Estate Planning For Every Family
“I don’t need an estate plan. I’m not rich.” If we’ve heard this once, we’ve heard it a hundred times. There is a widespread belief that only wealthy people need to worry about end of life planning, but nothing could be further from the truth.
Proper estate planning is about more than avoiding estate taxes. A comprehensive plan will ensure your wishes are respected if you can no longer make healthcare decisions for yourself. It will take the weight off your loved ones’ shoulders when they realize you have outlined your funeral and burial plans. And it can protect your loved ones long after you are gone.
At Dalena & Bosch, we craft custom estate plans that fit the needs of every New Jersey family, and assist families with the estate administration and probate process.
The Estate Plan You Didn’t Know You Had
As a New Jersey residents, our clients already have an estate plan in place, even if they have never talked to a lawyer about their end of life goals. There are state laws that dictate what happens when someone dies “intestate,” which is the legal term for without a will.
These laws determine who takes custody of children, who inherits assets, what happens to debts, and who is tasked with taking over the estate and sorting everything out if there are no legal documents outlining specific plans and desires. Creating a custom estate plan allows the client to take control of his or her legacy and make decisions for himself or herself.
What is in an Estate Plan?
Fifty years ago, the only estate planning document you needed was a will. Today, we recommend our clients get a set of documents that will work together to ensure their healthcare and financial preferences are clear before and after their death.
The pre-death documents we recommend every New Jersey resident over the age of 18 fill out are a general durable power of attorney and a living will.
Power of attorney documents allow you to pick someone to make decisions and act on your behalf if you are temporarily or permanently unable to make them for yourself.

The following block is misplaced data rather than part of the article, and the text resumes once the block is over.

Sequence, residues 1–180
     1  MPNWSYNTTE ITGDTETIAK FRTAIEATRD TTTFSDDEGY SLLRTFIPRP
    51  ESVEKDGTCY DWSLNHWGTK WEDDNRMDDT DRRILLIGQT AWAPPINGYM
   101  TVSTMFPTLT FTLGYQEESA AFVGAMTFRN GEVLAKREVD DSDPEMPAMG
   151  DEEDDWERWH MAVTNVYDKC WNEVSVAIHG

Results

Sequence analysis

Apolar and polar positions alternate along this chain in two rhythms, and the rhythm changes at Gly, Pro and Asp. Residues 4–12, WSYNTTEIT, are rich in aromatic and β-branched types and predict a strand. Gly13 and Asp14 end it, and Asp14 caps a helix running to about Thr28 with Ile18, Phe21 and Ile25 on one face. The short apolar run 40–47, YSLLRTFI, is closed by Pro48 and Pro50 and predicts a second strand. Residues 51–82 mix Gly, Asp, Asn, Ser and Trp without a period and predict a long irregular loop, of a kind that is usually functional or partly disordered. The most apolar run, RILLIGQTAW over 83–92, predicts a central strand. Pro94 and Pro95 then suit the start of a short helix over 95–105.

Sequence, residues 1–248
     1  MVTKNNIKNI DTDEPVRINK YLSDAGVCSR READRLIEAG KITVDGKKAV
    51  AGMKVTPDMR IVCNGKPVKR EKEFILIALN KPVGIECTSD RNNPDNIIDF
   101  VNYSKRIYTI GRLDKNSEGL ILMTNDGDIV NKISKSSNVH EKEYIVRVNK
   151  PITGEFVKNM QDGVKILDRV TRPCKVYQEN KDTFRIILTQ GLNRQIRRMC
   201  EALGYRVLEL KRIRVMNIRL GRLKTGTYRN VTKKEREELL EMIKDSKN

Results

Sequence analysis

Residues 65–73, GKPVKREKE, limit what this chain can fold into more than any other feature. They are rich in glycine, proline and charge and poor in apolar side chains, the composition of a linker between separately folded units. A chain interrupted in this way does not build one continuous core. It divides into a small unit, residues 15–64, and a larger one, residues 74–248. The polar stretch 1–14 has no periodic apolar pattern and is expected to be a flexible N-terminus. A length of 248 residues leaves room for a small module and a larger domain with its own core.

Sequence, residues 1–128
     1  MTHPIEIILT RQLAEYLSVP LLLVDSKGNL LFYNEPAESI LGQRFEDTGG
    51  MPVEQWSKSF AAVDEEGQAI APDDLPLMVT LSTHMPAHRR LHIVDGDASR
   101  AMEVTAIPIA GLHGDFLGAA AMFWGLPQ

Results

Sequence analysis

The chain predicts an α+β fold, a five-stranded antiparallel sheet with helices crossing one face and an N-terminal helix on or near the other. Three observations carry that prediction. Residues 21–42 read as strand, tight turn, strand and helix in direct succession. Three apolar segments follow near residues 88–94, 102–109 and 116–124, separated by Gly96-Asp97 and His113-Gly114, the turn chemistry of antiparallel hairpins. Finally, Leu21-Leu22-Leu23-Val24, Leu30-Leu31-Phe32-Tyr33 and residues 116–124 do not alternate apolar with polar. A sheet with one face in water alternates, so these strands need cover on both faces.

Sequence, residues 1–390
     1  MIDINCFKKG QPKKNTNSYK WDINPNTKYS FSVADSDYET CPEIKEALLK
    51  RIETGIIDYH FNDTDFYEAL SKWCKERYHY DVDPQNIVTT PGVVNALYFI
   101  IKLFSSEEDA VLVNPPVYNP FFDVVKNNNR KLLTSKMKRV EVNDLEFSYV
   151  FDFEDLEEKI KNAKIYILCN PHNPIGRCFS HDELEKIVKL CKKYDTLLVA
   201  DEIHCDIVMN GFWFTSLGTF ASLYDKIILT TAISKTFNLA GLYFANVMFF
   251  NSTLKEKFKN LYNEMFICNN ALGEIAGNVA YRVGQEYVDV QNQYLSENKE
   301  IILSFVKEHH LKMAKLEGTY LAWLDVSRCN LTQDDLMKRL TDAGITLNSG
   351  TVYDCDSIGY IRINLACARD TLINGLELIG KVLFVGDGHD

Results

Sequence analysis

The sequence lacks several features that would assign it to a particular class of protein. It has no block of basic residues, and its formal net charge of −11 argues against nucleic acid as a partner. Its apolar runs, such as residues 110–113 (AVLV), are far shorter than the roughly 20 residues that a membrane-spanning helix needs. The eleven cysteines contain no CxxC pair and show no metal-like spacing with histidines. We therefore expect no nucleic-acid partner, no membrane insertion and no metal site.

A living will provides information about your wishes in specific situations. For example, you can say whether or not you would like to be placed on life support or a respirator. You can be as specific or general as you would like in your living will, which can really ease the mind of person you have picked to make decisions on your behalf.
Although they have similar names, living wills and wills serve very different purposes. As discussed above, living wills protect you while you are alive. A will, on the other hand, is just a piece of paper until after you have passed.
Your will names an executor who will carry out your wishes after you are gone. The person you pick should be someone you can trust and depend on since they will be acting in your place.
The will is where you outline basic financial directives, and do things like leave specific items to specific people. For parents of minor children, it is the most important estate planning document because it is where you name someone to serve as guardian of your children should the unthinkable happen.
Many clients also like to include a document outlining their funeral plans and burial wishes in their estate plan. People used to put this information in their will, but wills are often not read until after the family has said their goodbyes. Putting it in a separate document, and letting your close family members know such a document exists is important if you have specific ideas about what your funeral should be like and where and how you would like to be laid to rest.
Estate Planning After Divorce
Many of our firm’s estate planning clients are recent divorcees. It is incredibly important to update your estate plan post-divorce so your ex does not get a windfall when you die, or have the power to make financial or health care decisions on your behalf. If you have minor children, you will also need to plan for what you would prefer happen if you pass away and your ex takes full custody of your children. Don’t put off this important post-divorce task.
Estate Administration & Probate
If you have been named in a will, or by a judge, as an estate administrator or executor, and you need help navigating the probate and estate administration process, we are here to help. We have helped many families in Morris County and beyond carry out their loved ones’ last requests.
Our firm has helped people increase and decrease child support and spousal support payments by requesting modifications and appealing unfair decisions. We have also gotten the courts to okay modifications to child visitation agreements, and approve relocations both inside and outside the state of New Jersey.
Holding Your Hand When You Need It Most
Planning for the end of your life is not an easy task. Neither is taking carrying out a loved one’s last requests. Both tasks are emotionally draining and require a lot of tedious paperwork. While we don’t claim that working with our firm will make either process a joy, we can promise that we will be there with you every step of the way.
We take our firm’s motto, “Holding your hand when you need it most,” very seriously. We can be your confidant and guide through the estate planning or probate process, and we will literally hold your hand if that’s what it takes to see you through. Contact us today to schedule an initial consultation.